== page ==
According to a study by the University of Soauth Australia, tens of thousands of wind turbine blades will end up in landfills by 2030 if recycling programs are not implemented quickly.
A study by Prof. Peter Majewski reveals the challenges of recycling wind turbine blades, which have an average lifespan of around 25 years. The material of carbon fiber or fiberglass composite structures makes them costly to dismantle, with leftover materials having little market value.
“The same characteristics that make these blades cost-effective and reliable for use in commercial wind turbines do not make them cost-effective to recycle,” Majewski said.
“Because they are so expensive to recycle and reclaimed materials cost so little, it is unrealistic to expect a market-based recycling solution, so policy makers need to intervene now and plan what we will do with all these blades that will go out of service in the next few years.”
With more than 40 million tons of blade waste expected worldwide by 2050, alternative solutions are urgently needed to replace waste in landfills. While blades are being recycled in Europe for use as playgrounds, street furniture, bike sheds and walkways, the Australian Clean Energy Council emphasizes that over time this can only play a minor role in reducing the need for blade recycling.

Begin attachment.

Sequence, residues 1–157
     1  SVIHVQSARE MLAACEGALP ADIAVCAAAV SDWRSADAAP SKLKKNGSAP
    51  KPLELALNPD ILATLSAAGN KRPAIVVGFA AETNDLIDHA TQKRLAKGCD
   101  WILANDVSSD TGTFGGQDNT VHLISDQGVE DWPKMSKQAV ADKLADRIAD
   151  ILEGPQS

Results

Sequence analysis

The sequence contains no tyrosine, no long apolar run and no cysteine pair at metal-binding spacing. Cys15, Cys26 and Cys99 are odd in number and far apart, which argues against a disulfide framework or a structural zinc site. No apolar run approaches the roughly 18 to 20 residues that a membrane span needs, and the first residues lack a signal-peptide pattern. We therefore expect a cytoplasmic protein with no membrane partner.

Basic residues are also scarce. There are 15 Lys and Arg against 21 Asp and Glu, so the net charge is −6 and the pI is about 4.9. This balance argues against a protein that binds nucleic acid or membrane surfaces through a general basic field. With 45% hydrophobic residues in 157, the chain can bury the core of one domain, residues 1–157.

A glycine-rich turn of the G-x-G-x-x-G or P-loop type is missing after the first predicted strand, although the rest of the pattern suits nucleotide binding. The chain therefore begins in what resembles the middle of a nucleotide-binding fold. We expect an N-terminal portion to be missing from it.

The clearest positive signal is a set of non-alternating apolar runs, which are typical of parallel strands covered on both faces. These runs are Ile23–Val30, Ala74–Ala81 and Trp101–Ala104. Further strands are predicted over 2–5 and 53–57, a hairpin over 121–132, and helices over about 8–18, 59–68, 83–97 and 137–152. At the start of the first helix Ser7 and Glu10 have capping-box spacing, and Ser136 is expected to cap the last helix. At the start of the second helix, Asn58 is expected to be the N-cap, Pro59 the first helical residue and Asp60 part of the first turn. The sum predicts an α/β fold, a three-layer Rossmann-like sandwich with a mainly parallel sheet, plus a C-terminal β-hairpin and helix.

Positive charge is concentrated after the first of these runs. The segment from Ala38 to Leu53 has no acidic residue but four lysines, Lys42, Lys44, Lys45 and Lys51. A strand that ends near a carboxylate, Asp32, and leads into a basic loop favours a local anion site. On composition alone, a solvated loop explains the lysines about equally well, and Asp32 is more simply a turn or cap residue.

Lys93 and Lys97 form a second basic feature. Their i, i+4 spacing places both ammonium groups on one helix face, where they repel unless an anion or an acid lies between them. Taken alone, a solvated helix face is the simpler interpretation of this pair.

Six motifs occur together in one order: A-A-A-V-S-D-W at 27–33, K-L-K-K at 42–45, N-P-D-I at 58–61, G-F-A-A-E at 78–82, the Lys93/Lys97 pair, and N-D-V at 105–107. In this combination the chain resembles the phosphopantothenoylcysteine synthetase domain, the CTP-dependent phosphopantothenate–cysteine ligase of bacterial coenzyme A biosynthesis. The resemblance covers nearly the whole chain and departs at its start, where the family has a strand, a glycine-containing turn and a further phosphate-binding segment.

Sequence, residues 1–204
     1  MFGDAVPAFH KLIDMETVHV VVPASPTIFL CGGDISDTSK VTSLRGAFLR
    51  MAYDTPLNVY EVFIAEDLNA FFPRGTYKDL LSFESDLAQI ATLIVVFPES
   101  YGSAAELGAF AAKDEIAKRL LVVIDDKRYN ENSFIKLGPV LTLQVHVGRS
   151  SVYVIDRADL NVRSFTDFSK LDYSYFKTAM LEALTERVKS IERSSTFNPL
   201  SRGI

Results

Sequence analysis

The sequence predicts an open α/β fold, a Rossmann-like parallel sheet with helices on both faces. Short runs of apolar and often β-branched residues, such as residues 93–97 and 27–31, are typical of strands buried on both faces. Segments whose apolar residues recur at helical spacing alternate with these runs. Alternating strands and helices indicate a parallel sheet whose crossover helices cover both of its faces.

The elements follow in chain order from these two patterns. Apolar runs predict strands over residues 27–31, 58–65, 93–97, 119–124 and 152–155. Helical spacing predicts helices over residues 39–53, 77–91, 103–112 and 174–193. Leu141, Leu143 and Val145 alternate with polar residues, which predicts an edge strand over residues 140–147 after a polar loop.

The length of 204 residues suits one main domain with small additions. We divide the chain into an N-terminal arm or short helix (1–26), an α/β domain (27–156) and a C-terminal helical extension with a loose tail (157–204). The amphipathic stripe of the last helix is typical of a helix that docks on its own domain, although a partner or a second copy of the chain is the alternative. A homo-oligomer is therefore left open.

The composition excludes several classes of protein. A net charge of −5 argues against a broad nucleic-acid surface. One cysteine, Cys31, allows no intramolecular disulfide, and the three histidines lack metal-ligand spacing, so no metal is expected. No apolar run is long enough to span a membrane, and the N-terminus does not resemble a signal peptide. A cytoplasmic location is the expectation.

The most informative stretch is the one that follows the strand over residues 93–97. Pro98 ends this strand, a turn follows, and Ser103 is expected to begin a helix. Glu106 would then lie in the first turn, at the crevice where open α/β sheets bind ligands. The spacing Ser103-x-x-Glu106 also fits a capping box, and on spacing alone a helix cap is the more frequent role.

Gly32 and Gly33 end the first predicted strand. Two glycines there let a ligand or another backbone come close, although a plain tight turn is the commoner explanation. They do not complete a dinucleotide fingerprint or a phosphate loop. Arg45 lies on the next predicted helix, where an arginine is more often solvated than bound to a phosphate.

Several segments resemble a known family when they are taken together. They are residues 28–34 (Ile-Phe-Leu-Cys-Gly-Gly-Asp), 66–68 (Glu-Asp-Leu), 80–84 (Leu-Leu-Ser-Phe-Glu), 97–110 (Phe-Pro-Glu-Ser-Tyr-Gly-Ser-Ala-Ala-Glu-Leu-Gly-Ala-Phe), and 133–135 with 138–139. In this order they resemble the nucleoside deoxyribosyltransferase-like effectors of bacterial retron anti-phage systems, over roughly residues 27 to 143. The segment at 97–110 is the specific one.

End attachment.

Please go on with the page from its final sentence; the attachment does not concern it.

In September 2021, renewable energy company Siemens Gamesa developed what it says is “the world’s first wind turbine blade that can be recycled at the end of its life cycle.”
The new blades, developed at the company’s Danish factory, are made from a combination of materials molded using resin, resulting in a robust, flexible and lightweight construction.
The chemical structure of this particular resin means that it can be effectively separated from the other blade components at the end of its life. This technology protects the properties of the materials of the blade, which is not achievable with the processing of conventional blades. The destroyed materials can then be reused in other areas.
Siemens Gamesa says offshore customers will now have the option of choosing these new recyclable blades for their future projects.